manufacturer of glyphosate-containing herbicides, up to 140 days were
required for half of the applied glyphosate to break down or disappear
from agricultural soils. At harvest, residues of glyphosate were found
in lettuce, carrots, and barley planted one year after glyphosate

2. Glyphosate can drift. Test conducted by the University of California,
Davis, found that glyphosate drifted up to 400 meters (1300 feet) during
ground applications and 800 meters 12600 feet) during aerial applications.

3. Glyphosate is acutely toxic to humans. Ingesting about 3/4 of a cup
can be lethal. Symptoms include eye and skin irritation, lung
congestion, and erosion of the intestinal tract. Between 1984 and 1990
in California, glyphosate was the third most frequently reported cause
of illness related to agricultural pesticide use.

4. Glyphosate has shown a wide spectrum of chronic toxicity in
laboratory tests. The National Toxicology Program found that chronic
feeding of glyphosate caused salivary gland lesions, reduced sperm
counts, and a lengthened estrous cycle (how often an individual comes
into heat). Other chronic effects found in laboratory tests include an
increase in the frequency of lethal mutations in fruit flies, an
increase in frequency of pancreas and liver tumors in male rats along
with an increase in the frequency of thyroid tumors in females, and
cataracts. (ne fruit fly study used Roundup; the other studies used

5. Roundup contains toxic trade secret ingredients. These include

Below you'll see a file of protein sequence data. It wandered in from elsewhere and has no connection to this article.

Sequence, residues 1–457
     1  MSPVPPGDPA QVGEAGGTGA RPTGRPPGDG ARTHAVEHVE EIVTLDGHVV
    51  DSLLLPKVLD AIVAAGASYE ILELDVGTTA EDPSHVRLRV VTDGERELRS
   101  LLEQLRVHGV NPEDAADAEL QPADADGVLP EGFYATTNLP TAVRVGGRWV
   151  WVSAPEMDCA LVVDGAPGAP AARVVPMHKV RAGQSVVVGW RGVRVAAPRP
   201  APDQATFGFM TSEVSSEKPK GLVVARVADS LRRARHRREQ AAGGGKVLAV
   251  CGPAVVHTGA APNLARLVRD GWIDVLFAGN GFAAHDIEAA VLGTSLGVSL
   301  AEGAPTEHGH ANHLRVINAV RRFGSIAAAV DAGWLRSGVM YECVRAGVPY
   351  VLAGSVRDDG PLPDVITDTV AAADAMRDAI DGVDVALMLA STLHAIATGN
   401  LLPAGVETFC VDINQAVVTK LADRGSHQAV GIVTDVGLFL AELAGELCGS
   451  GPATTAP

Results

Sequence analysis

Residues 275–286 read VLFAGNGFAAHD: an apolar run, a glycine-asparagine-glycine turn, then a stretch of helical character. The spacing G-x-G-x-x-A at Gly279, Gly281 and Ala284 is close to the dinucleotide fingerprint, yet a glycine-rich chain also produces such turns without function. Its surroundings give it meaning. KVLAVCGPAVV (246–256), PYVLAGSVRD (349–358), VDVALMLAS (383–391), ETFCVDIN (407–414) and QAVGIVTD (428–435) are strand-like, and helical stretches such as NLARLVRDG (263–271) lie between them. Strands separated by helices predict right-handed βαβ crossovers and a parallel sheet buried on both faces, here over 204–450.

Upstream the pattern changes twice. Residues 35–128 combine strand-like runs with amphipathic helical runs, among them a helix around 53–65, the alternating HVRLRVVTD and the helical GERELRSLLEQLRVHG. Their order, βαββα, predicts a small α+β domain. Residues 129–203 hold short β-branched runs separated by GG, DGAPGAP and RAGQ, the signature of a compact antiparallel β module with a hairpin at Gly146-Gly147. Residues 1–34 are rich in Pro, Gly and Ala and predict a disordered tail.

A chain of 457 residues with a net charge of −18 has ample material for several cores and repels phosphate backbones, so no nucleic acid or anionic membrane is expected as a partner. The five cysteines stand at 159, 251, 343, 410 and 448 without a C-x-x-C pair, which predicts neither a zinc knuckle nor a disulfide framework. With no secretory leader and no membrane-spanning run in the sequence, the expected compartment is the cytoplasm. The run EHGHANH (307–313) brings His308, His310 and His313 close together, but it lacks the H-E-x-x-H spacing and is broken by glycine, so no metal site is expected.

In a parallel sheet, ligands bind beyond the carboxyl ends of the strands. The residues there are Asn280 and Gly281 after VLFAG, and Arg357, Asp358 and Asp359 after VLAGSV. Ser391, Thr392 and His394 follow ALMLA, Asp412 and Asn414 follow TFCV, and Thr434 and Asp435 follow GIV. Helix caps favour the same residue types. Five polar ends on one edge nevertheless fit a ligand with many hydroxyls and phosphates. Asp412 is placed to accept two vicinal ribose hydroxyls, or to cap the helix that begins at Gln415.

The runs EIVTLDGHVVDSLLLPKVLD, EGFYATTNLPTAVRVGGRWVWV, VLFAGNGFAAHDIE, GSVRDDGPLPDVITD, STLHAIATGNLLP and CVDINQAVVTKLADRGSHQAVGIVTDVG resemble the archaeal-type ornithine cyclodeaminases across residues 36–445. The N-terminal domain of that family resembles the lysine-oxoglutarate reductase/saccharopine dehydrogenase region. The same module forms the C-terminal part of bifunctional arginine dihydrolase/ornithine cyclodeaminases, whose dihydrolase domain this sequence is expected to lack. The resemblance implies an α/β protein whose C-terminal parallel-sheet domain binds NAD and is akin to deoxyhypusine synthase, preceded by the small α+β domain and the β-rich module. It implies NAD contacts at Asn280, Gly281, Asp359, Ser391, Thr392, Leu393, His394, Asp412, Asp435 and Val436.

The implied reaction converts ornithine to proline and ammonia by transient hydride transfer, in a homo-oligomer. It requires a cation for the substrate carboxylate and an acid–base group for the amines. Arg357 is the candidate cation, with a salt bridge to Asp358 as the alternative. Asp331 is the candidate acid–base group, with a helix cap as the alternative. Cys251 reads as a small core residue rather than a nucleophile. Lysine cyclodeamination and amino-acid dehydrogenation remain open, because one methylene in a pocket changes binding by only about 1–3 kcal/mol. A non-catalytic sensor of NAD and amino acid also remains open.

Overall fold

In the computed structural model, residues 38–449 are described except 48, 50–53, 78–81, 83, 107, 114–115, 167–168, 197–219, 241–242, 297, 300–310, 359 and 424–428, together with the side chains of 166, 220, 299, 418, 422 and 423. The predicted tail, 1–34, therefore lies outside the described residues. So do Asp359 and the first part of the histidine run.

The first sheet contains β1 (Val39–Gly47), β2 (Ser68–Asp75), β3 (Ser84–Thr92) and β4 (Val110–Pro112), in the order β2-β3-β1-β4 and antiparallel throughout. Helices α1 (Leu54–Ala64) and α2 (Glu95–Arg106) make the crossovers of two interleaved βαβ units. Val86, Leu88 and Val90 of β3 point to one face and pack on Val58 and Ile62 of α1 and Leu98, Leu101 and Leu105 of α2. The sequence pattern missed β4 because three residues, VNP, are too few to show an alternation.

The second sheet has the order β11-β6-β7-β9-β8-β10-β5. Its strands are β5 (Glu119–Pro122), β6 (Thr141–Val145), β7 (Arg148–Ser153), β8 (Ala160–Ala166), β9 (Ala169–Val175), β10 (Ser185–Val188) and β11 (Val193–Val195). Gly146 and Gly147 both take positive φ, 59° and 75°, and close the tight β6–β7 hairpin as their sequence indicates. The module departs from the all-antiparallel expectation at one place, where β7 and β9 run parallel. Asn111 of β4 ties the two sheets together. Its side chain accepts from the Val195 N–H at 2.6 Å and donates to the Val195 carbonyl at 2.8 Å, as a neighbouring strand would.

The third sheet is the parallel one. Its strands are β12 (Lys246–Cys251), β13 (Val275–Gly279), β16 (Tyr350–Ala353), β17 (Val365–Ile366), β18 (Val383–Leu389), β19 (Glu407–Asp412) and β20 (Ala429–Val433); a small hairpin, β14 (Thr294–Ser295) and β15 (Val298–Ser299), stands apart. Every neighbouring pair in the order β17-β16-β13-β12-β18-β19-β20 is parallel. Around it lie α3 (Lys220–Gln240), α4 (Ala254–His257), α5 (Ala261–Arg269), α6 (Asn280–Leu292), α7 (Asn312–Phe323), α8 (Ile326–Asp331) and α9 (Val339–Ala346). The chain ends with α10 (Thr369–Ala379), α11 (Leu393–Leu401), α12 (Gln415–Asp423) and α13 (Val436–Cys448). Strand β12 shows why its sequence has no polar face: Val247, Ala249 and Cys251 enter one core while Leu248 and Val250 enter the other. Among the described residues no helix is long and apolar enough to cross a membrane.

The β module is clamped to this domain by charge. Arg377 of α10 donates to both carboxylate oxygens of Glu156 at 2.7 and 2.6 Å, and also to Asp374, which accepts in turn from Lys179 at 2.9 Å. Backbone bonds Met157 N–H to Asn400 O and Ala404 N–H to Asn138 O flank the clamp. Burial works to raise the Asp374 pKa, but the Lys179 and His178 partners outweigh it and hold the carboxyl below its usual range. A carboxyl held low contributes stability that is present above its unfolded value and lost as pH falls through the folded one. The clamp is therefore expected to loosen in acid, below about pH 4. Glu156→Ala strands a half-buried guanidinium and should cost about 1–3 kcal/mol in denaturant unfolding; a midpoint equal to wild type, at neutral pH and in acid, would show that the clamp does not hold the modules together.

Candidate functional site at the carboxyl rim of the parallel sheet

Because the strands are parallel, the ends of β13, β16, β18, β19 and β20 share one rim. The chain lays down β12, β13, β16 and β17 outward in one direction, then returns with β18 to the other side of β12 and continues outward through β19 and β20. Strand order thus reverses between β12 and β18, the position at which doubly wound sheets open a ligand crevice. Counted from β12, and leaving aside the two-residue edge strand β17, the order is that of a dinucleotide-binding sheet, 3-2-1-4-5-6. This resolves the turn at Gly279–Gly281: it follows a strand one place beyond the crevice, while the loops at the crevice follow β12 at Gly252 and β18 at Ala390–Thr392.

polyethoxylated tallowamines, causing nausea and diarrhea, and
isopropylamine, causing chemical pneumonia, laryngitis, headache, and bums.

6. Roundup kills beneficial insects. Tests conducted by The
International Organization for Biological Control showed that Roundup
caused mortality of live beneficial species: a Thrichgramma, a predatory
mite, a lacewing, a ladybug, and a predatory beetle.

7. Glyphosate is hazardous to earthworms, Tests using New Zealand's most
common earthworm showed that glyphosate, in amounts as low as 1/20 of
standard application rates, reduced its growth and slowed its development.

8. Roundup inhibits mycorrhizal fungi. Canadian studies have shown that
as little as 1 part per million of Roundup can reduce the growth or
colonization of mycorrhizal fungi.

9. Glyphosate reduces nitrogen fixation. Amounts as small as 2 parts per
million have had significant effects, and effects have been measured up
to 120 days after treatment. Nitrogen- fixing bacteria shown to be
impacted by glyphosate include a species found on soybeans and several
species found on clover.

  1. Roundup can increase the spread or severity of plant diseases.
    Treatment with roundup increased the severity of Rhizoctonia root rot in
    barley, increased the amount and growth of take-all fungus, a wheat
    disease), and reduced the ability of bean plants to defend themselves
    against anthracnose.
    Bookmark   January 5, 2007 at 8:08AM
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Using Roundup certainly cannot be construed as "poisoning the planet". This particular herbicide will completely biodegrade over time unlike some other pesticides. There is a great deal of misinformation being spread over the internet, the Cox list above, from a non-peer reviewed and deliberately misleading piece, being one of the most frequently repeated. It has been thoroughly countered and debunked repeatedly, and numerous Gardenweb threads have detailed this over the years.